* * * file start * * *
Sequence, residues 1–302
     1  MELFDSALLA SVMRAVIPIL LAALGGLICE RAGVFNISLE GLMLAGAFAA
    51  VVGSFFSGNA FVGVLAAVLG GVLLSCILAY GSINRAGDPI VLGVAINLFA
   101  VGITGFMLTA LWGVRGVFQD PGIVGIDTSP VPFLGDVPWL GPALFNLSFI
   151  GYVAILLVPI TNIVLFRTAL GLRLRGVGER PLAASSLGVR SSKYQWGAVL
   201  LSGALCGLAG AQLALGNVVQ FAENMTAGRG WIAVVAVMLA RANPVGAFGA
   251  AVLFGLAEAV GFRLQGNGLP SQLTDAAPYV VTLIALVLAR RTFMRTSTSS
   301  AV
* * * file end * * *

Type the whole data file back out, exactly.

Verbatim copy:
Sequence, residues 1–302
     1  MELFDSALLA SVMRAVIPIL LAALGGLICE RAGVFNISLE GLMLAGAFAA
    51  VVGSFFSGNA FVGVLAAVLG GVLLSCILAY GSINRAGDPI VLGVAINLFA
   101  VGITGFMLTA LWGVRGVFQD PGIVGIDTSP VPFLGDVPWL GPALFNLSFI
   151  GYVAILLVPI TNIVLFRTAL GLRLRGVGER PLAASSLGVR SSKYQWGAVL
   201  LSGALCGLAG AQLALGNVVQ FAENMTAGRG WIAVVAVMLA RANPVGAFGA
   251  AVLFGLAEAV GFRLQGNGLP SQLTDAAPYV VTLIALVLAR RTFMRTSTSS
   301  AV